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The USD Coin has a variety of applications. It is quite encouraging to see Visa’s recent announcement that it will settle transactions in USDC on the Ethereum blockchain.
To hedge against cryptocurrency market volatility without leaving the crypto ecosystem is now the most popular use case for USDC. Decentralized finance (DeFi) applications can work with stablecoins, and they can also generate interest. Unlike currency, USDC may be used on decentralised exchanges (dApps) like Uniswap, yearn.finance, and SushiSwap because it runs on the Ethereum network.
Through these dApps, investors can obtain loans, pay interest on those loans, and even resolve insurance claims on the blockchain. Since USDC is anchored to the dollar, this reduces the risk involved with investing in volatile cryptocurrencies and enables risk-tolerant investors to stake USDC for interest rates above 10%.
Centre Consortium, a partnership between Coinbase and Circle with the goal of expanding the use of fiat stablecoins, developed USDC. When a user purchases USDC from an exchange like Coinbase using US dollars, new coins are created in the USDC system. In order to guarantee that a unit of USDC can always be exchanged for a unit of USDC, Centre Consortium then places this money in its reserve.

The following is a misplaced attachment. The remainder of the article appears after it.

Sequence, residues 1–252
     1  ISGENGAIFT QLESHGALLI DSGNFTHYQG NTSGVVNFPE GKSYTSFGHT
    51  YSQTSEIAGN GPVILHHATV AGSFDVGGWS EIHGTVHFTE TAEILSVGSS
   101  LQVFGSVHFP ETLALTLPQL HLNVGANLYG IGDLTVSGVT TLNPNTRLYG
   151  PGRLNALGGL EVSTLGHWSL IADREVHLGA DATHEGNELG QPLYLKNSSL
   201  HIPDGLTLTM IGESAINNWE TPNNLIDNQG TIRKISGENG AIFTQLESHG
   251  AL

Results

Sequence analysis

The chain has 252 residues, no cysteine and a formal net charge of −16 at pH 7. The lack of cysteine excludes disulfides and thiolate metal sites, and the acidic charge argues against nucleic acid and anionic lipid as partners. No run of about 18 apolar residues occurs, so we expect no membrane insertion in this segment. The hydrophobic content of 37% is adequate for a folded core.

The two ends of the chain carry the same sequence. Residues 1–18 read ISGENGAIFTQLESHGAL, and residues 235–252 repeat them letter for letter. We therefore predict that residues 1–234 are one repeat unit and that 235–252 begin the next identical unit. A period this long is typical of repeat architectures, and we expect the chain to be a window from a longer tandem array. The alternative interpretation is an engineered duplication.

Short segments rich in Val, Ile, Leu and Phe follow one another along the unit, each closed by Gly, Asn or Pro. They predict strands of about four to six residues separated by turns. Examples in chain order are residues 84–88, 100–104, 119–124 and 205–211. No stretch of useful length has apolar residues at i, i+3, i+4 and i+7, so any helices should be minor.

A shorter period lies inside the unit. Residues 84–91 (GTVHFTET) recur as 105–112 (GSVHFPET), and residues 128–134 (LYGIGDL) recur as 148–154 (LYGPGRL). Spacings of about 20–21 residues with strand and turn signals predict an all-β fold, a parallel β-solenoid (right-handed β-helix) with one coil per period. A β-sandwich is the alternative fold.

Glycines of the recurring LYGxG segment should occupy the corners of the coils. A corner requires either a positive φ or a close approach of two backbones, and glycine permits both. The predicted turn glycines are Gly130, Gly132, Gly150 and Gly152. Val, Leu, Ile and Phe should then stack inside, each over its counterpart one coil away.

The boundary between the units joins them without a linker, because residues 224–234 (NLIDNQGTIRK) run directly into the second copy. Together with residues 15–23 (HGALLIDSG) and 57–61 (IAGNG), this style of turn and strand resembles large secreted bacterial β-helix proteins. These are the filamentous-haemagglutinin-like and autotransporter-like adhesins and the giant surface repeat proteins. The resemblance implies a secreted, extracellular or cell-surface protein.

The market value of USDC, which was founded in 2018, increased from about $200 million to more than $14 billion. The number of USDC has dramatically increased, despite the price of USDC not varying by more than a percentage point in any direction.
The US-based USD Coin has undergone a full third-party audit. Contrary to Tether (USDT), there is no doubt that each and every token in USDC is backed by $1 in reserves as collateral. It should be emphasised that this collateral need not be in the form of US Dollars; regulators have accepted various forms of debt as collateral. Given the growing doubts around Tether’s USDT backing, USDC might be a more reliable option.